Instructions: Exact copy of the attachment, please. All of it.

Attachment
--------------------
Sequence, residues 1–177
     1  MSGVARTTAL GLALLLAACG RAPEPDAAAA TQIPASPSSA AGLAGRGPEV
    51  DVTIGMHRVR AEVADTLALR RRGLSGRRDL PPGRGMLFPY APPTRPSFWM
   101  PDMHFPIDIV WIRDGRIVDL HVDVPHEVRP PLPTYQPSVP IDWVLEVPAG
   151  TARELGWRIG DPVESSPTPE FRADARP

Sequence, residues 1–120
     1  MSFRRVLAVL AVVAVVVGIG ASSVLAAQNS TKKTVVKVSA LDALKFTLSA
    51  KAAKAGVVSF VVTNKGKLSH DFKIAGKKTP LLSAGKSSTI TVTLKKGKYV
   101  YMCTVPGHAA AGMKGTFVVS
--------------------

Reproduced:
Sequence, residues 1–177
     1  MSGVARTTAL GLALLLAACG RAPEPDAAAA TQIPASPSSA AGLAGRGPEV
    51  DVTIGMHRVR AEVADTLALR RRGLSGRRDL PPGRGMLFPY APPTRPSFWM
   101  PDMHFPIDIV WIRDGRIVDL HVDVPHEVRP PLPTYQPSVP IDWVLEVPAG
   151  TARELGWRIG DPVESSPTPE FRADARP

Sequence, residues 1–120
     1  MSFRRVLAVL AVVAVVVGIG ASSVLAAQNS TKKTVVKVSA LDALKFTLSA
    51  KAAKAGVVSF VVTNKGKLSH DFKIAGKKTP LLSAGKSSTI TVTLKKGKYV
   101  YMCTVPGHAA AGMKGTFVVS